Japan’s Ministry of Finance said 692.5 billion yen ($8.4 billion) was sold last month, showing the government’s efforts to bring the currency down from a postwar high that threatened a recovery from its biggest-ever earthquake.
The sales occurred from Feb. 25 to March 29, the ministry said yesterday in Tokyo. The currency strengthened to a record 76.25 per dollar on March 17, prompting the Group of Seven nations to jointly intervene in foreign-exchange markets the next day for the first time in more than a decade. The yen had risen on prospects Japanese investors would repatriate assets to pay for rebuilding.
“The currency movements after the joint intervention show this was an unusually effective intervention,” said Masafumi Yamamoto, chief currency strategist at Barclays Bank Plc in Tokyo. “It was effective because it halted the yen’s advance with smaller amounts of money than the one in last autumn.
The yen traded at 82.83 per dollar at 4:57 p.m. yesterday in London, from 82.89 in New York a day earlier, and compared with 82.98 on March 10, a day before the magnitude-9 temblor struck. The currency was at 117.49 per euro from 117.10, having weakened from 114.49 on March 10.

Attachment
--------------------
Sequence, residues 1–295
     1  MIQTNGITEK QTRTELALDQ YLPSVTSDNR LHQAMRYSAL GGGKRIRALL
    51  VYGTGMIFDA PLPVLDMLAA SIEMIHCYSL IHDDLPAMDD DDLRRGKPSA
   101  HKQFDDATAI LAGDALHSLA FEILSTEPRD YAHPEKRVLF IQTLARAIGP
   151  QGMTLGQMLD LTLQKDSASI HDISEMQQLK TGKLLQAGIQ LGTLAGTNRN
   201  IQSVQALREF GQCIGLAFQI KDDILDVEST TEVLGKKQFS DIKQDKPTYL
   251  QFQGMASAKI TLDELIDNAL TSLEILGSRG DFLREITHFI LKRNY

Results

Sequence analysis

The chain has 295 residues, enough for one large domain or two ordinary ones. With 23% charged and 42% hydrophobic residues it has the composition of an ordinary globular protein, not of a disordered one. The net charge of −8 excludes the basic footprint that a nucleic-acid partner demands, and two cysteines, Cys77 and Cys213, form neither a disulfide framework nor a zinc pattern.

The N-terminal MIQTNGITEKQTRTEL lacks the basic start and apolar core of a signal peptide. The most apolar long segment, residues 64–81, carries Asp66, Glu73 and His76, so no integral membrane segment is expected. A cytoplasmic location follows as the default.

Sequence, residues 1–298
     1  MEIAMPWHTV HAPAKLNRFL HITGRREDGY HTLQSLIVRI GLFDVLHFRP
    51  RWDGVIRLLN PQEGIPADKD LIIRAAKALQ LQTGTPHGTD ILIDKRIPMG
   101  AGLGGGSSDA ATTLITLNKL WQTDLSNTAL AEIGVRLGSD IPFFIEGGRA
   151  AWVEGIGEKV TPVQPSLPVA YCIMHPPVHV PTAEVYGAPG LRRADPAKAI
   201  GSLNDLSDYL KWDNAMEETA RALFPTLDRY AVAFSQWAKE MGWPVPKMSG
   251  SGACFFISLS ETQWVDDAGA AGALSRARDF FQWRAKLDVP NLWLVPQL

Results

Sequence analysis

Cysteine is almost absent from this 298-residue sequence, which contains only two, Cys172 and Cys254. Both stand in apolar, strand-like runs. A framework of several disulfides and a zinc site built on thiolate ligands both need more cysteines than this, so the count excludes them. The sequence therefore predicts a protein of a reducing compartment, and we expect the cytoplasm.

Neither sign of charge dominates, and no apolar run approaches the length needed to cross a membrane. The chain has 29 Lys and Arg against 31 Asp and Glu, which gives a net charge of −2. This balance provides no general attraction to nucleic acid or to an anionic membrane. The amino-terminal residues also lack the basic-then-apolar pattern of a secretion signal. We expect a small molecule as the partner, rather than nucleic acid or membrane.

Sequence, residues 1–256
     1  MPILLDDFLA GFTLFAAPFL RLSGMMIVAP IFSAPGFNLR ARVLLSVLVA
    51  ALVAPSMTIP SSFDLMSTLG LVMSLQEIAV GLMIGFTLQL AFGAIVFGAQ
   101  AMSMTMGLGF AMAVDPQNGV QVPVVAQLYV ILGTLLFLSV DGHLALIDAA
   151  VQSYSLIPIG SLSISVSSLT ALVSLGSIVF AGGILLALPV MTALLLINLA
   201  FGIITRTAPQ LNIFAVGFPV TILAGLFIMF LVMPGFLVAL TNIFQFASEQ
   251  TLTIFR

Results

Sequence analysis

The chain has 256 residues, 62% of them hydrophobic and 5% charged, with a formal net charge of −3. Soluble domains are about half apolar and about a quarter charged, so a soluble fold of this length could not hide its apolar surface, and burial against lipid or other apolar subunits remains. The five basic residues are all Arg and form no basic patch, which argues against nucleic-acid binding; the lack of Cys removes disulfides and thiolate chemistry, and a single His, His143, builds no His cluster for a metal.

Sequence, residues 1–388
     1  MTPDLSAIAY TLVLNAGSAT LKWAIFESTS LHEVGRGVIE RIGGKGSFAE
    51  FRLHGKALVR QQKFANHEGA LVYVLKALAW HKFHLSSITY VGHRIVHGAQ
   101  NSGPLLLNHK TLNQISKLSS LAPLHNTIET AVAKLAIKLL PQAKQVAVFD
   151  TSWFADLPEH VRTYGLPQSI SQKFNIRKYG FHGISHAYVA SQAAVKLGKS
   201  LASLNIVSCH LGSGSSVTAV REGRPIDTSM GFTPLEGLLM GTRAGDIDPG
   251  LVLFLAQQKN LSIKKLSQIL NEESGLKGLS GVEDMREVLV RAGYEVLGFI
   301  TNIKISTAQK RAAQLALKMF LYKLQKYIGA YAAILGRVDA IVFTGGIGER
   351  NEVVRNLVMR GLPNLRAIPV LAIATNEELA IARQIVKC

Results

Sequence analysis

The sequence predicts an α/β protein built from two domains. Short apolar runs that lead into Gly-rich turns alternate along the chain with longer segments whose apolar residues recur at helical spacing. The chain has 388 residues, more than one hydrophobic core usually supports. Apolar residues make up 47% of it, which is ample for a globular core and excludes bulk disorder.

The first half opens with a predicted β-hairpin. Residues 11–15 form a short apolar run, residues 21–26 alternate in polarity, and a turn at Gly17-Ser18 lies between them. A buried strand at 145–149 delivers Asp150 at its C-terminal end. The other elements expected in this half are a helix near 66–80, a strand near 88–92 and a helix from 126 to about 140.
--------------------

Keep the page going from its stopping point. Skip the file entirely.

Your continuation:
G-7 finance chiefs said in a joint statement on March 18 they will “provide any needed cooperation” with Japan. “We will monitor exchange markets closely and will cooperate as appropriate,” the statement also said. The G-7 members hadn’t stepped in the market together since September 2000 when they sought to support the euro as it tumbled in its second year of existence.
Japan unilaterally sold 2.12 trillion yen in foreign- exchange markets from Aug. 28 through Sept. 28 in its first intervention since 2004 to keep the yen from reaching its previous postwar high of 79.75 per dollar reached in April 1995.
The Bank of Japan pumped 40 trillion yen into the banking system in successive one-day emergency cash operations from March 14 to March 22 to try to settle financial markets after the quake. The Japanese government said there’s no evidence insurance companies were repatriating assets from abroad due to the risk of radiation leaks from a quake-crippled nuclear plant.
Totan Research Co. had estimated that the BOJ may have spent about 690 billion yen when it intervened in the currency markets on March 18, based on the central bank’s holdings of government securities. The BOJ’s debt assets temporarily increase when Japan intervenes because the government sells bills to the bank to obtain funds for intervention, said Izuru Kato, chief market economist at Totan Research in Tokyo.
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